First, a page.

Discussion of possible astronomical phenonemon giving rise to the myth of Phaethon's ride and the scorching of the earth - the fall of a large meteor or a close brush with a comet. Comparing other myths: "One tale, recounted by Mendieta, Tezcatlipoca, defeating Quetzalcoatl in ball-play (a game symbolic of the movements of the heavenly orbs), cast him out of the land into the east, where he encountered the sun and was burned." Also references to the ending of an age: "The Sun of Air, Ehcatonatiuh, closed with a furious wind, which destroyed edifices, uprooted trees, and even moved the rocks. Quetzalcoatl appeared in this third Sun, teaching the way of virtue and arts of life; but his doctrines failed to take root, so he departed toward the east, promising to return another day. With his departure "the Sun of Air" came to its end, and Tlatonatiuh, the Sun of Fire, began, so called because it was expected that the next destruction would be by fire." References to extremely dry conditions 1000-1200 B.C. and portraits of earth destruction in the Bible, dated to 1150 B.C., in Egyptian lore (Pharoah's time), and a conjunction of five planets recording in China in 1148-1122 as related to earth calamities. Comets as dreaded omens in ancient texts.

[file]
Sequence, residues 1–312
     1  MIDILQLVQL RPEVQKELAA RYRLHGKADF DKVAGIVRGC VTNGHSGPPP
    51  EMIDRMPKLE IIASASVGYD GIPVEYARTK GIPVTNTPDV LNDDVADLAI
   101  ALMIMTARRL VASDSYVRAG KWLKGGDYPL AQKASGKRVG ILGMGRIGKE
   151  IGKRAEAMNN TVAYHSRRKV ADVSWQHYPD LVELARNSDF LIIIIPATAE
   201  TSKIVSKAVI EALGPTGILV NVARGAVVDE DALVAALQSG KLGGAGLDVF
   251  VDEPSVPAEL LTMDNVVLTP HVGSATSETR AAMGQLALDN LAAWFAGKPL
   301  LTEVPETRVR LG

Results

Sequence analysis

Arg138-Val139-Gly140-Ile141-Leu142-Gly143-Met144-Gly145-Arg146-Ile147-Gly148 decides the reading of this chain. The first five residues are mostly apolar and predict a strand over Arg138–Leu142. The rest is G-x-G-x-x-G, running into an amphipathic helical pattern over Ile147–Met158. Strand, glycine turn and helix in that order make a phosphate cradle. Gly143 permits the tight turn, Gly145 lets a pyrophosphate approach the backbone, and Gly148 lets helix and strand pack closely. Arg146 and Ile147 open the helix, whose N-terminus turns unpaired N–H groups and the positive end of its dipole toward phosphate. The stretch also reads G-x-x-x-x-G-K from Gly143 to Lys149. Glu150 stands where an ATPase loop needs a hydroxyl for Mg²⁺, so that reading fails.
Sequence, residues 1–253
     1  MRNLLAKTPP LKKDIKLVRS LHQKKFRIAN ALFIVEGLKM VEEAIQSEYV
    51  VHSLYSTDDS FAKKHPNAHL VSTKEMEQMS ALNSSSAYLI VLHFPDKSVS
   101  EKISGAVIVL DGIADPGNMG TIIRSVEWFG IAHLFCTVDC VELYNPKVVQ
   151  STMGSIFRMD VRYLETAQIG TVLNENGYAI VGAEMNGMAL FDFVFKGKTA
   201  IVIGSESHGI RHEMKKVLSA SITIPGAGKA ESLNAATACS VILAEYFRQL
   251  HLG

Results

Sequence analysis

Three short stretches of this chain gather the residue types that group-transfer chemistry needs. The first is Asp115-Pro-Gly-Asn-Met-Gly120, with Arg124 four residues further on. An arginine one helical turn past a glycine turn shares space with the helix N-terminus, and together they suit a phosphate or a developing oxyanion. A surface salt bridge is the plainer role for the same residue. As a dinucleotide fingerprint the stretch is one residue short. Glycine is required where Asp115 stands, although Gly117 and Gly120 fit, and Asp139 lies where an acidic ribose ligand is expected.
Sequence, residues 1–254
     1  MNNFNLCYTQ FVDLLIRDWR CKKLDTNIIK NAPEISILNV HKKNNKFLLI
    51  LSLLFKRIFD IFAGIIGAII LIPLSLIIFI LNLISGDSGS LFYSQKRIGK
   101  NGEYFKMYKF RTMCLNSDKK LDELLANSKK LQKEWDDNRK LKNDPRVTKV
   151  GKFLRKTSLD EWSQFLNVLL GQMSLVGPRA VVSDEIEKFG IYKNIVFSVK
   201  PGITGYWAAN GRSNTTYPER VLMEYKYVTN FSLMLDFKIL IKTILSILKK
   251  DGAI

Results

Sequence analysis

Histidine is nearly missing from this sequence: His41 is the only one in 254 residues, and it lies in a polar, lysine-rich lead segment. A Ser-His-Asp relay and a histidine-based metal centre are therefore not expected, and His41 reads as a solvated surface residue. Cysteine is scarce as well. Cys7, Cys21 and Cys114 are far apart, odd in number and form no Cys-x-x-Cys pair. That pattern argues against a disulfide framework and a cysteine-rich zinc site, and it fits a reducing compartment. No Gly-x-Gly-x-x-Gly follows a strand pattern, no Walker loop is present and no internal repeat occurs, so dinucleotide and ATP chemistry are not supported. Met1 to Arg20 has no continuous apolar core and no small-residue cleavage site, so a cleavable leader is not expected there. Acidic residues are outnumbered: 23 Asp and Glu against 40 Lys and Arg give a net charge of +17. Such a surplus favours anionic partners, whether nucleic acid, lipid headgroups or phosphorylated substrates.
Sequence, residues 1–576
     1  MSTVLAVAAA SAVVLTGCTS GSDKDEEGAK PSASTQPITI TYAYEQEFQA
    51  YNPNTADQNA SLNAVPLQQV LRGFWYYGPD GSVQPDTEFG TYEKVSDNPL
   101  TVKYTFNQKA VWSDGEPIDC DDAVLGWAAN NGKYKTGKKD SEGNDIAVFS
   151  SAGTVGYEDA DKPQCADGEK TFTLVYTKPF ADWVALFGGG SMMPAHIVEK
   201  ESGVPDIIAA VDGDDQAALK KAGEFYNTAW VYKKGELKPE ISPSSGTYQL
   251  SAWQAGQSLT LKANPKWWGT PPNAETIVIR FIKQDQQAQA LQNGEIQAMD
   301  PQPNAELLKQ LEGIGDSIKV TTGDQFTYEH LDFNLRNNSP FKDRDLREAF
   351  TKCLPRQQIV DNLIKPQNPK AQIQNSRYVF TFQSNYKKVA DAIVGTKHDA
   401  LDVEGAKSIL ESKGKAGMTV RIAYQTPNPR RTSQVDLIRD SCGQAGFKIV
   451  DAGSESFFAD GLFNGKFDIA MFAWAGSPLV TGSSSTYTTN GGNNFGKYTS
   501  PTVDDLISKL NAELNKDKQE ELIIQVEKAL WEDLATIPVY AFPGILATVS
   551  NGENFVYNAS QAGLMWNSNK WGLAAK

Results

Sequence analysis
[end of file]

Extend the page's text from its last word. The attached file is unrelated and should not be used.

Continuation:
Phaethon, Nimrod and the Bible
The connection between Phaethon and Nimrod. Issues regarding Phaethon's parents - mother Aurora or Clymene, and father Merops, Orion or Phoebus. Relation to other stories of fire-worship or light-giving. Excerpt: "The story implies that that mother gave herself out to be Aurora, not in the physical sense of that term, but in its mystical sense; as "The woman pregnant with light;" and, consequently, her son was held up as the great "Light-bringer" who was to enlighten the world,--"Lucifer, the son of the morning," who was the pretended enlightener of the souls of men. The name Lucifer, in Isaiah, is the very word from which Eleleus, one of the names of Bacchus, evidently comes. It comes from "Helel," which signifies "to irradiate" or "to bring light," and is equivalent to the name Tithon. Now we have evidence that Lucifer, the son of Aurora, or the morning, was worshipped in the very same character as Nimrod...."

Other Phaethon Links


Above: Phoebus in command...

The Fall of Phaethon - painting by Peter Paul Rubens

The Fall of Phaethon - drawing by Gaspare Diziani

Phaethon by Odilon Redon (pastel)

Apollo and Phaethon by Giovanni

Phaethon Woodcut

Brooch: Phaethon 1880s (image atop page)


"Look to the luminous egg-moon other,
Where is the truth of impersonal sun?
How goes the chariot, bright Phaethon,
How goes the mania, searing-wild clarity?"
copyright 1997 by Sally Clay

"As when the palsied universe aghast
Lay... mute and still,
When drove, so poets sing, the Sun-born youth
Devious through Heaven's affrighted signs his sire's
Ill-granted chariot. Him the Thunderer hurled
From the empyrean headlong to the gulf
Of thee half-parched Eridanus, where weep
Even now the sister trees their amber tears
O'er Phaeton untimely dead."

from Samor by Milman
"...I have sinuous shells of pearly hue
Within, and things that lustre have imbibed
In the sun's palace porch, where when unyoked
His chariot wheel stands midway on the wave.
Shake one and it awakens...."
from Gebir, Book 1, by Walter Savage Landor